Issue: 2011-04-28

Astrophotography on a Budget

For many amateur astronomers, the passion for deep space observing ultimately leads them to photography and imaging of the night sky. It is a good thing to come home with pictures of your late night observing sessions, sharing with others what you are actually doing out there all night, as crazy as it might seem …

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Reviewers under review

Like mushrooms after rain, interesting mini-discussions pop up spontaneously from time to time on the ArtsNet list serve. A recent one that caught my eye concerned the age-old topic of arts reviews/critiques: what are they, what purpose do they serve, what’s the difference, and “Hey, who decides who gets to write them, anyway?” No doubt …

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World of Words: Science Is the best story going

Many Yukon book-lovers are familiar with Claire Eamer’s science series for children, Super Crocs and Monster Wings, Spike Scorpions and Walking Whales, and the latest Lizards in the Sky. She’s also had science fiction published in Polaris: A Celebration of Polar Science. Alanna Mitchell writes about science and society. Although they have different approaches, they …

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Inspiration Everywhere

You don’t need to be creative to be fashionable. You just need to get inspired. The inspiration can come from anywhere, anyone, or anything. For myself, one of my prominent fashion inspirations was time spent in a second-hand shop in the Okanagan (actual location is classified). The clothing I found there was genuinely one-of-a-kind. Even …

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Beer Trivia

Delight your friends and family with a couple of beer-themed tidbits this week, or just look incredibly smart while getting your growler filled. The world’s oldest recipe? Yeah, it’s for beer. Despite popular opinion, Guinness in not a meal in a glass: It is one of the lowest calorie non-light beers, coming in at 125 …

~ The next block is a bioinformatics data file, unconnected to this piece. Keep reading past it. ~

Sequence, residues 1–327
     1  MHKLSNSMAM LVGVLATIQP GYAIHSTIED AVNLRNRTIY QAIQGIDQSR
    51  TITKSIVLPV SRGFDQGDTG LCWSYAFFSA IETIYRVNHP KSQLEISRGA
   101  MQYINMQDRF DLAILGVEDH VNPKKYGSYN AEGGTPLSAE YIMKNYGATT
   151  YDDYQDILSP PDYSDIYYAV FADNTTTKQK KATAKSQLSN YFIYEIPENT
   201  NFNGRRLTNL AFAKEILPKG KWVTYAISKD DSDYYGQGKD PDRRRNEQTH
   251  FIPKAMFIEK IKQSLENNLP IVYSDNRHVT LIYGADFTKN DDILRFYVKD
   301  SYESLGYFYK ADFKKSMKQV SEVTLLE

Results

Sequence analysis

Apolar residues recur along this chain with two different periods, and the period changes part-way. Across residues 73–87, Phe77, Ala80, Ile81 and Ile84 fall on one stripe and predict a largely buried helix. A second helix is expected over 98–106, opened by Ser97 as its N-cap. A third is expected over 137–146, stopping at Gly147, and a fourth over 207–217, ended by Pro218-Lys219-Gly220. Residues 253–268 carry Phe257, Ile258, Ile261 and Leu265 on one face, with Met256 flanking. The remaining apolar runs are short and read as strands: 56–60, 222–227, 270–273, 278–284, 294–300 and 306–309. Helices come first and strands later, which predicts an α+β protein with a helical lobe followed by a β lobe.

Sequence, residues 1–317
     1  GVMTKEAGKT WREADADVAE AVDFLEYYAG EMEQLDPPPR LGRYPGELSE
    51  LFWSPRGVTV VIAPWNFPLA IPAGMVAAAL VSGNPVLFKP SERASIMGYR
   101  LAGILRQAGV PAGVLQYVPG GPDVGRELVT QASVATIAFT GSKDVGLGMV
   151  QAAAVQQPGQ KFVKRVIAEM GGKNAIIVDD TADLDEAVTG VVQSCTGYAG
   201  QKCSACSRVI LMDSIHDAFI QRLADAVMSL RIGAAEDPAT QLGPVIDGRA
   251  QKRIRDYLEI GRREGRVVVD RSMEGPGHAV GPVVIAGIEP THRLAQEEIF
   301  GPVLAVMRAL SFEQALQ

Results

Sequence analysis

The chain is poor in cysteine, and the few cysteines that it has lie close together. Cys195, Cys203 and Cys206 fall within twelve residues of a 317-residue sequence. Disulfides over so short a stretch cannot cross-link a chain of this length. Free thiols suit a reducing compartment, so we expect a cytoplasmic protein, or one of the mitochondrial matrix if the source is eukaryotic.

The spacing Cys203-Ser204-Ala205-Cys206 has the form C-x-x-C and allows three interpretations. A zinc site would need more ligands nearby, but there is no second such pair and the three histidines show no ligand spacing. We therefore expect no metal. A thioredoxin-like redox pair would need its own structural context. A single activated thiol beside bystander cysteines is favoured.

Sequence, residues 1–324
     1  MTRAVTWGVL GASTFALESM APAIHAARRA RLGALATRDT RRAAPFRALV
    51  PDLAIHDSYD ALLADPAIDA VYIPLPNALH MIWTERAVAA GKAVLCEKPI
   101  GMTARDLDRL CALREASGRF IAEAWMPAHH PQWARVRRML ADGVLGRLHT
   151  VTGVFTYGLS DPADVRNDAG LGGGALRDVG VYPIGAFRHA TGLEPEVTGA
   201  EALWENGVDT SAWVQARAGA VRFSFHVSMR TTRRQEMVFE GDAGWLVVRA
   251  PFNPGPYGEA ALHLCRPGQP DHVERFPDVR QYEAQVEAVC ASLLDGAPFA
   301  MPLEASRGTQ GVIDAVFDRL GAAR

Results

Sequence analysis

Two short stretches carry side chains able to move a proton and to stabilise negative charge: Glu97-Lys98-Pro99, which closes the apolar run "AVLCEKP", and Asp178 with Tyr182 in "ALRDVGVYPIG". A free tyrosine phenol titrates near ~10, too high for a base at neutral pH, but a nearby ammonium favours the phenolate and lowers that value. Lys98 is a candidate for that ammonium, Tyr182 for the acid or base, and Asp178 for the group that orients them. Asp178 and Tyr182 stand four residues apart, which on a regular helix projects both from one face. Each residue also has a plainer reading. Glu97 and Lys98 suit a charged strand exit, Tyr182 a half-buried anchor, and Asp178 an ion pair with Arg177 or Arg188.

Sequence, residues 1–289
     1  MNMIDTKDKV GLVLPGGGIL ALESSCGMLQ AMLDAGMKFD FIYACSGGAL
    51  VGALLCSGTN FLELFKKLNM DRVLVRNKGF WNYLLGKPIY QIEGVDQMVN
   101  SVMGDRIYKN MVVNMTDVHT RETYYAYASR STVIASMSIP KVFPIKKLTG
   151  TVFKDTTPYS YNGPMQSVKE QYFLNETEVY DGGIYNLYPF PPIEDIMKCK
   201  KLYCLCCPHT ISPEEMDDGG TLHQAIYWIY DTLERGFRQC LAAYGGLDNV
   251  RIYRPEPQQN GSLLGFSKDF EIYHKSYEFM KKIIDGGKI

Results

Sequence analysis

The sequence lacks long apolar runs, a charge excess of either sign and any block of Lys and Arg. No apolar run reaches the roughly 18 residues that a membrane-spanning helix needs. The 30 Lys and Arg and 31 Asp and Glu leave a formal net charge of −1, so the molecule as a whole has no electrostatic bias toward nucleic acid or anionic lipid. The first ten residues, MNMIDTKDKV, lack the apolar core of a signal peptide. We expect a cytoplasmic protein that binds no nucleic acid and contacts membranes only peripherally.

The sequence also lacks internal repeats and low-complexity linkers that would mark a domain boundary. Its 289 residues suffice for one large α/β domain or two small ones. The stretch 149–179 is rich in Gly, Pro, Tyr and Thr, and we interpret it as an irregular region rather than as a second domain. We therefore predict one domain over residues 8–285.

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Professional Thumbs

The year is 1985. A young Anthony sits crossed-legged in front of the television. The flickering images flashing across his eyes barely register in his stunned mind. Leonard Maltin just gave Ghostbusters a bad review. Indeed, this is a story of great trauma from my childhood. A highly-positioned critic just pooped on what I, as …

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Dawson and the Ted Harrison Effect

While doing what I call my Berton House exit interview with Sara Tilley, the latest writer-in-residence, she remarked that one of the things that made her feel comfortable and at home here was the colourful palette of our buildings. It reminded her of buildings in Newfoundland. That’s quite true. I noticed the colours, particularly in …

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Talking Turkey

While I grew up on a farm, it wasn’t until after I started farming as an adult that I realized how many phrases in our everyday language have their roots in farming. Money management can be a harrowing experience, but we are told by investment companies not to put all our eggs in one basket. …

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Stories you’ve never heard, brilliantly told

I went Saturday night to The River, a Nakai production, with Michael Greyeyes directing a play written by David Skelton, Judith Rudakoff and Joseph Tisiga. To be frank, I wasn’t sure if I was interested in what I thought would be a sermon on homelessness. I just didn’t want the guilt. But local playwright David …

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Tone and Diction Rule

It’s 7: 25 on a Monday evening. Over the past few minutes, 67 members of the Whitehorse Community Choir have arrived at the Whitehorse United Church and taken their places. Microphone in hand, Barbara Chamberlin calls out, “OK, let’s stand up. Let’s have a massage.” The atmosphere is lighthearted as the singers turn in their …

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Reconnecting Severed Bonds

Kenneth T. Williams had never heard of his distant cousin, Lillian Dyck, until 1999, when he was asked to suggest names of suitable Saskatchewan candidates for the National Aboriginal Achievement Foundation’s Lifetime Achievement award. He first approached another cousin, a well-known writer and aboriginal historian, who told him, “No, no, no. Don’t nominate me. I …

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